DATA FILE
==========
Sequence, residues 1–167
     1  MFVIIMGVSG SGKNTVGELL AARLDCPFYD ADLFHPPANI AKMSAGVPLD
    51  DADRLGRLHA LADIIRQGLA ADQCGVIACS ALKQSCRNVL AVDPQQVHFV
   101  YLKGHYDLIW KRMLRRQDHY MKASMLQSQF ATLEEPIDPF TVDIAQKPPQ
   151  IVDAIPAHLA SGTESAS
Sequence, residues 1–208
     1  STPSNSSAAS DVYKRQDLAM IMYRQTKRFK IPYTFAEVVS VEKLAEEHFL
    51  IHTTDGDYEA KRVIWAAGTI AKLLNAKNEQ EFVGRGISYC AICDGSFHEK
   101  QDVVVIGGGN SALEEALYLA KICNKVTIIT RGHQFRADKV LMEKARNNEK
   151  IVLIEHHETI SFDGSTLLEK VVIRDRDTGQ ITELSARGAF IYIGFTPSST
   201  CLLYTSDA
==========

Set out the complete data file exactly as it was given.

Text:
Sequence, residues 1–167
     1  MFVIIMGVSG SGKNTVGELL AARLDCPFYD ADLFHPPANI AKMSAGVPLD
    51  DADRLGRLHA LADIIRQGLA ADQCGVIACS ALKQSCRNVL AVDPQQVHFV
   101  YLKGHYDLIW KRMLRRQDHY MKASMLQSQF ATLEEPIDPF TVDIAQKPPQ
   151  IVDAIPAHLA SGTESAS
Sequence, residues 1–208
     1  STPSNSSAAS DVYKRQDLAM IMYRQTKRFK IPYTFAEVVS VEKLAEEHFL
    51  IHTTDGDYEA KRVIWAAGTI AKLLNAKNEQ EFVGRGISYC AICDGSFHEK
   101  QDVVVIGGGN SALEEALYLA KICNKVTIIT RGHQFRADKV LMEKARNNEK
   151  IVLIEHHETI SFDGSTLLEK VVIRDRDTGQ ITELSARGAF IYIGFTPSST
   201  CLLYTSDA